Senior Member Array Mattmann's Avatar
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    It's seriously sad that pit bulls get such a bad repetition because of trash for owners treating them like sh$& and they turn bad. It's just like a human in the sense that if they get pushed and pushed and pushed they eventually snap and become dangerous. I am glad to hear that your ok bit you need to seriously call animal control and the cops and next time do the world a favor and kill the dog.
    younggun and AZDaven like this.

  11. #41
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    Pit bull or poodle does not matter to me. Sure, the breed of pit bull has a horrible, horrible reputation behind it. Not because they are born killers, but because people make them this way. Think about it; they have the perfect build, short, muscular, and fast.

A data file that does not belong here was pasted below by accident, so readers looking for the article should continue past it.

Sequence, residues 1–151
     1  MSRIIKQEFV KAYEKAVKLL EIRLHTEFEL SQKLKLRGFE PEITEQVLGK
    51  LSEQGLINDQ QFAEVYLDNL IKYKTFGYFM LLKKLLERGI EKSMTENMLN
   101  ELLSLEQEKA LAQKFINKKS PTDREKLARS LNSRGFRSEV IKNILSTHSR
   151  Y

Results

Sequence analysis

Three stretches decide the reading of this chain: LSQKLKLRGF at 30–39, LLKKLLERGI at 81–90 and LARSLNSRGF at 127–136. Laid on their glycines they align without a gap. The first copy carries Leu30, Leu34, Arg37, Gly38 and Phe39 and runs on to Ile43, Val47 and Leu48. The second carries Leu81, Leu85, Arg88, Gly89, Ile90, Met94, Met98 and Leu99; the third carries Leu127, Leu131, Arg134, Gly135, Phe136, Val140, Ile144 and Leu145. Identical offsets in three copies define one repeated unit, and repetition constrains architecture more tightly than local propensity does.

I don't know that I could have shot the dog unless I felt it was definetly trying to take my life or a loved ones, then no question yes. But, I think I would have done the same as you. Maybe calling the cops after the round was fired would have been best, but overall I'm happy for you that it worked out in your favor.
    AZDaven likes this.
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  12. #42
    VIP Member Array BugDude's Avatar